The Detroit Housing Network will provide resources for homeowners and later add services for renters and home buyers. (BridgeDetroit file photo)

A group of six Detroit-based housing nonprofits are coming together to create the Detroit Housing Network, an effort to boost housing stability and affordable home ownership in the city. 


The work, announced Thursday, is backed by a $2.2 million dollar investment from the City of Detroit and Rocket Community Fund. The aim is to grow resources for homeowners. Services will include: mortgage and financial counseling, property tax foreclosure prevention, home repair help, utility assistance  and assistance for households with low-incomes who want to become homeowners. 

Residents will be able to apply for help through an online portal at The launch date for online enrollment has not been determined. Meanwhile, Detroiters can still contact the participating nonprofits to reach a housing or financial counselor.  

The six organizations part of the Detroit Housing Network include: Bridging Communities, Central Detroit Christian CDC, Jefferson East Inc., Matrix Human Services, U SNAP BAC and Wayne Metro Community Action Agency. Later this year, the network is expected to grow to include more nonprofit partners. 

The Detroit Housing Network will begin with resources for homeowners and will later add services for renters and home buyers, according to its website. Renters will be able to get help with utilities, tenant and landlord counseling, and eviction counseling; and buyers can access credit and financial assistance and counseling.

“A big challenge that residents face in Detroit, is that resources to help folks stay in their homes or their apartments is very fragmented and so residents have to run around to a lot of different sources,” said Josh Elling, CEO of Jefferson East, Inc.

The Detroit Housing Network is going to pull together some of the city’s leading housing agencies to help residents access a range of housing help, he said. Elling estimates that with the investment, Jefferson East, Inc. can double the number of people it helps with housing support to about 1,100 homeowners or renters.

Phyllis Edwards, executive director of Bridging Communities, said the network is a simplified way of providing services and the dollars can help community organizations “build capacity to continue work and grow.”

“Detroit’s nonprofit housing organizations have been on the front lines of the housing crisis and have been stretched thin to keep Detroiters in their homes. These resources will help sustain and improve access to this vital service,” said Julie Schneider, acting director of the Housing & Revitalization Department, in a news release.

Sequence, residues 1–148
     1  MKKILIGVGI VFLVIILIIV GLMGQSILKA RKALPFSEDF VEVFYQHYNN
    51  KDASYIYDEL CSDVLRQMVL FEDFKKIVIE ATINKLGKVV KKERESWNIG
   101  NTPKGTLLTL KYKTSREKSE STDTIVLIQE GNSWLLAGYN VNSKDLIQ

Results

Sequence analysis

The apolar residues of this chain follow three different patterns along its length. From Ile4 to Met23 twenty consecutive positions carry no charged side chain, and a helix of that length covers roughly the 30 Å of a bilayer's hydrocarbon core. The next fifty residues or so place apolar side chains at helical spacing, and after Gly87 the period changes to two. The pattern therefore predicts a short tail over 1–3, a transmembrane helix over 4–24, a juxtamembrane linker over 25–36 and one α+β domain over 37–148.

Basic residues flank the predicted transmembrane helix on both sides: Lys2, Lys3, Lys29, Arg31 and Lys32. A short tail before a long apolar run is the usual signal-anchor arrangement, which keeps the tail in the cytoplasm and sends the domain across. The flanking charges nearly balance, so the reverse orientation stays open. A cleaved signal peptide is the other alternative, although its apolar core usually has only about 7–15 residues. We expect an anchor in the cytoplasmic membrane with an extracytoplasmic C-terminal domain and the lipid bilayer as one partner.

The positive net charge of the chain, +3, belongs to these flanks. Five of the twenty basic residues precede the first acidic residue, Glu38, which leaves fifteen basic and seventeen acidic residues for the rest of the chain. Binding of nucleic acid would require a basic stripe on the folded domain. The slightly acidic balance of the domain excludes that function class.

The Rocket Community Fund, the philanthropic arm of Rocket Companies, has invested more than $750,000 into the Detroit Housing Network. The investment is part of a decade long $500 million commitment billionaire couple Dan and Jennifer Gilbert announced in March. The first $15 million is being directed toward an effort to eliminate property tax debt for as many as 20,000 Detroit homeowners.

The $2.2 million investment announced Thursday also includes $1.5 million in Community Development Block Grants, through the CARES Act, according to the City of Detroit. 

CHN Housing Partners — an affordable housing developer, housing service provider and residential mortgage lender based in Ohio —  is administering the investment from the Rocket Community Fund and CARES Act dollars. The organization works with utility companies, financial institutions, and public agencies, to improve housing conditions for people with low incomes, people who are disabled and people who are homeless in Ohio, Michigan, Pennsylvania and New York. 

CHN Housing Partners will work with the Detroit Housing Network’s nonprofits to improve how services are delivered through marketing and technology support. CHN Housing Partners is among the partners in a public-private effort announced last March to preserve 10,000 affordable housing units in Detroit with federal tax credits.

Nushrat Rahman covers issues related to economic mobility for the Detroit Free Press and BridgeDetroit as a corps member with Report for America, an initiative of The GroundTruth Project.

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